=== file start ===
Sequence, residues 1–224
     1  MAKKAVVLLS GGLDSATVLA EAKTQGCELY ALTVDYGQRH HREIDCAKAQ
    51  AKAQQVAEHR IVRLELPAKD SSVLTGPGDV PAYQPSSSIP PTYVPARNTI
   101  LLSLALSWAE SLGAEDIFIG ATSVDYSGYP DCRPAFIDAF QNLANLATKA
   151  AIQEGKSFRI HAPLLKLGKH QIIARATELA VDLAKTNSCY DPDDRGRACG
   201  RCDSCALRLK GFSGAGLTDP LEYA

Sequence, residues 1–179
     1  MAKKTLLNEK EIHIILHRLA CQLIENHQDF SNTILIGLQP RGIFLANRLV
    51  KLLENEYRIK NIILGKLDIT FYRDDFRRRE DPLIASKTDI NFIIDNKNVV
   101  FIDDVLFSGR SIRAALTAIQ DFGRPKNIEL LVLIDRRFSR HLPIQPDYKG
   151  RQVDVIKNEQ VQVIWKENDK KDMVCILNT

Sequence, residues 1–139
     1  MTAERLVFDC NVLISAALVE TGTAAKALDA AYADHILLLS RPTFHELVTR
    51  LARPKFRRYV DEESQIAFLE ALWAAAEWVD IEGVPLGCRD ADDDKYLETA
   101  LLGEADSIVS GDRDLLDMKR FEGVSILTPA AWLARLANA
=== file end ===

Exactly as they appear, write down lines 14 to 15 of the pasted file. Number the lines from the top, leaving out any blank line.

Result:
    51  LARPKFRRYV DEESQIAFLE ALWAAAEWVD IEGVPLGCRD ADDDKYLETA
   101  LLGEADSIVS GDRDLLDMKR FEGVSILTPA AWLARLANA